excerpted from “Feral Cats of Kalamazoo”
by Sarah Sorensen
{from Issue #12.5}

 

The night was hot and her body couldn’t sweat, at least not much. She sat on the steps of her building, which was part of a huge complex. She was a little drunk and tried not to show it just in case someone walked by. Not that many people were out tonight. Anybody going someplace was already there, she guessed.

The heat was rising off of the parking lot like hell itself was sitting just below the asphalt. She was waiting for the delivery person to bring the tacos she’d ordered. Her apartment was high and stifling, containing only one small window that barely opened and no fans. Everything felt thick and moist, a little dulled, same as the tongue in her mouth. She couldn’t tell if the delivery person would notice that she’d been drinking; she worried a little that she’d embarrass herself.

What did it matter, though? Kaitlyn knew that she cared about things too much. In most cases, she thought, caring is pointless. She knew that sounded hard, but she was getting a little lost, losing herself more and more. She thought maybe giving the rest of the world the middle finger would help her find a way back to herself. She was trying to hang on by holding back.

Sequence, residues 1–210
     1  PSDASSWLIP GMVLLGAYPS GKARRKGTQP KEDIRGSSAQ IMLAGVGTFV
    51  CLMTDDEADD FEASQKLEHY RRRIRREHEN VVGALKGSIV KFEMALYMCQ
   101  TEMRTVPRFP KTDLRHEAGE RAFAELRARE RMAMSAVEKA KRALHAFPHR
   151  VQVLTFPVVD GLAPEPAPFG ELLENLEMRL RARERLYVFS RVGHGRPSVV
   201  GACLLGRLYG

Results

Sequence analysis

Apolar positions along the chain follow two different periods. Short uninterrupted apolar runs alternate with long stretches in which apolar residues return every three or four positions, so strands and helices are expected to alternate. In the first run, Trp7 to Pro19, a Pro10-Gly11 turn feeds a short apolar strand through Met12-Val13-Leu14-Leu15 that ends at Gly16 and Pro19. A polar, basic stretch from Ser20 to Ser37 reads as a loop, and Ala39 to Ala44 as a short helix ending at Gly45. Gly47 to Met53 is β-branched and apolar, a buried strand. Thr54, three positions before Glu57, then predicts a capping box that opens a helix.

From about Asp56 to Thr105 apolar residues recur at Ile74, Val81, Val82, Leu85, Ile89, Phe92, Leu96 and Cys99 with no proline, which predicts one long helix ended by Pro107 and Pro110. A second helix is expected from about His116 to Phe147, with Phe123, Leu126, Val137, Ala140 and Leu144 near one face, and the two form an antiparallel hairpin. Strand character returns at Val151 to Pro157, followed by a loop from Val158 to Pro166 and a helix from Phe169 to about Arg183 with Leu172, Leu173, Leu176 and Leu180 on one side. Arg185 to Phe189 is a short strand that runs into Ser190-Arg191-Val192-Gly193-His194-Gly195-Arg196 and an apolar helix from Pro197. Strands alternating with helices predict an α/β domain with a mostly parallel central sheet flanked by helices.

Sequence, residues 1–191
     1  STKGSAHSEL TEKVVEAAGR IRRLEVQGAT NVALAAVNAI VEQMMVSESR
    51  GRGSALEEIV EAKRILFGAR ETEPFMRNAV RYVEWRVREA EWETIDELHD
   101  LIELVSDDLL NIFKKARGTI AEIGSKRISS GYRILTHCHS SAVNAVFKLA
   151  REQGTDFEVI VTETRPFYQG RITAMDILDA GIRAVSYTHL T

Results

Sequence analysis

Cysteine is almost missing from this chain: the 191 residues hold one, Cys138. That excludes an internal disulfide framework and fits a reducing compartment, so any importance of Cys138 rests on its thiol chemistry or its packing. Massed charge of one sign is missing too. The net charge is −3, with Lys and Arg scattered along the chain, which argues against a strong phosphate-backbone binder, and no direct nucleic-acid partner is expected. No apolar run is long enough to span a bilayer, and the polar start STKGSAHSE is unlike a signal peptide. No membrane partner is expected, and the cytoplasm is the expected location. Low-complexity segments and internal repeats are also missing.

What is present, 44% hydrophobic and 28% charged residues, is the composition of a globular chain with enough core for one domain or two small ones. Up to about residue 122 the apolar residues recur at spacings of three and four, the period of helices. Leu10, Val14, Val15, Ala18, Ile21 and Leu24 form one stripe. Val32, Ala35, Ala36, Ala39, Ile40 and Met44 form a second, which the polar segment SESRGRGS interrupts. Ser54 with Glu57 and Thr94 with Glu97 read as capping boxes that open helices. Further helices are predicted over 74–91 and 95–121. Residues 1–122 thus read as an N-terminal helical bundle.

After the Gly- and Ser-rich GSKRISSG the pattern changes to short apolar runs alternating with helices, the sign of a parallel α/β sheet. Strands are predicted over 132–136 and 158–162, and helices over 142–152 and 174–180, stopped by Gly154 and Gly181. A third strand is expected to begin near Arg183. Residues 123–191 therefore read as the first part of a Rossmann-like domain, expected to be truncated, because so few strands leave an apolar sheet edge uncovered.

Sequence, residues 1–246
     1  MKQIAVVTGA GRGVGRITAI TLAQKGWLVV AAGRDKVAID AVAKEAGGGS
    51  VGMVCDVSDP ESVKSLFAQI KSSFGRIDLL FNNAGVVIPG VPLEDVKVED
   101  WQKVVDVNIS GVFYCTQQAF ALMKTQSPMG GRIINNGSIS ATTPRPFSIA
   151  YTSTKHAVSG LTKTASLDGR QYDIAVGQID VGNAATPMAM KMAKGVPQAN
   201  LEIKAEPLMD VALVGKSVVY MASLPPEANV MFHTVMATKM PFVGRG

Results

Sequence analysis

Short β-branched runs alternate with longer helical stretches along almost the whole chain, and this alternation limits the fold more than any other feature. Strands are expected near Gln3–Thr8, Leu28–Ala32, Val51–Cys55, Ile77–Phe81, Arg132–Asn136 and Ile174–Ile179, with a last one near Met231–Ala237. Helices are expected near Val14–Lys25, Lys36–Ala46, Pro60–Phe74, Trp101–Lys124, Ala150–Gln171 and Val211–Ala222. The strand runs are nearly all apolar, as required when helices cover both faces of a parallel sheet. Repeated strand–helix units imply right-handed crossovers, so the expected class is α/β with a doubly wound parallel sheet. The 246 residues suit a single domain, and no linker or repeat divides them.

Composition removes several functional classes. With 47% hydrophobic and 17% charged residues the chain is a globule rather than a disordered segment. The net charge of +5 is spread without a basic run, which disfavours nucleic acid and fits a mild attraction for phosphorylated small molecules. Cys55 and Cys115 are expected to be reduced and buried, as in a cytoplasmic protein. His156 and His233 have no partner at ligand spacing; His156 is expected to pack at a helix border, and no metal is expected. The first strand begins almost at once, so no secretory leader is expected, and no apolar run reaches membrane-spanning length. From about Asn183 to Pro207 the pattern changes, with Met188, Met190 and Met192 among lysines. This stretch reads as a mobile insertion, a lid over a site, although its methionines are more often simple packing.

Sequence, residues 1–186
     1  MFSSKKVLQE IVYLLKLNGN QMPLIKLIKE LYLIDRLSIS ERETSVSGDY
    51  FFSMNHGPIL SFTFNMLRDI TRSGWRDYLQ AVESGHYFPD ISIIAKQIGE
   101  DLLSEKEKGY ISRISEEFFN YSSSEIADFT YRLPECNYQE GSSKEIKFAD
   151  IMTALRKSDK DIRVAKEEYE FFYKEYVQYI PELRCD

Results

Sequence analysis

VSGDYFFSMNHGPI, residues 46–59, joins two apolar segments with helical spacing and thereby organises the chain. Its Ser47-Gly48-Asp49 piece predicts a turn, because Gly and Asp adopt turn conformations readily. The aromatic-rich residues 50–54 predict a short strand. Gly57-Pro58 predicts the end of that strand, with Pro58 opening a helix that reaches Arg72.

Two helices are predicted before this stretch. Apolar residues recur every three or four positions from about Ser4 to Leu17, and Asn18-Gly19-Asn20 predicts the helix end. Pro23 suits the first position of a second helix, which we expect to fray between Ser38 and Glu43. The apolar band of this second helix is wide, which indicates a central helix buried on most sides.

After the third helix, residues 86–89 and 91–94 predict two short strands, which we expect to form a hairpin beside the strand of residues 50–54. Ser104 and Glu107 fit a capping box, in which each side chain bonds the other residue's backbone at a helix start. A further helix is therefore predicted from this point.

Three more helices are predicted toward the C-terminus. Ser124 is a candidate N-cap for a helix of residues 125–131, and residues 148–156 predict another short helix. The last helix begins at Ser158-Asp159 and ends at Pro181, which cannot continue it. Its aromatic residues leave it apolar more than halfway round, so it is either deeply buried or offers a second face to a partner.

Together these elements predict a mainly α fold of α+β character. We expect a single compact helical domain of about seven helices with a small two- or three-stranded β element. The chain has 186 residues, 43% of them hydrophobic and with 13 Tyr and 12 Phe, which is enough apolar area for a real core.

But nothing stopped the feelings. She cared about the sick, the dying, the fuck-ups who fuck up. She cared about animals and face transplants and people half burnt away from acids and fires. She cared about the sadness in Stevie Nicks’ song, “Landslide.” She cared about pesticides on fruit, antibiotics and hormones in the water supply, trees ripped down to make useless retail establishments that will move in five years and leave buildings empty like huge dead holes, like empty eye sockets, blank and blind and full of nothing. She cared about dying bees and people dying of bee stings. She cared about oil spills, poverty, bullying, and the woman in the grocery store with a cart full of cheap wine and different flavors of ice creams.

She cared that she was lonesome. She cared about Elena. She cared about the smell of Elena that no longer sat in her boxes of things retrieved from Elena’s apartment. She cared about the words, fighting words, and refused to listen to them replay in her mind anymore. The break-up felt unsolvable, as did the pain it brought.

She didn’t care so much about herself anymore. Or maybe that was all she cared about now. She couldn’t tell. Things had gotten hazy, and all her focus was gone. Her skin smelled of discount whiskey. The cats stared down at her from the top floor window, mewing into the open slit. She waved, but found herself staring at her bloated fingers. How many shots had she had? It didn’t matter.

Sarah Sorensen has most recently been published in Whiskey Island, In Stereo Press, Dirty Chai, Embodied Effigies, Your Impossible Voice, Gone Lawn, and Monkey Bicycle. She holds an M.A. in English from Central Michigan University. Find her at www.typefingertapdancer.wordpress.com.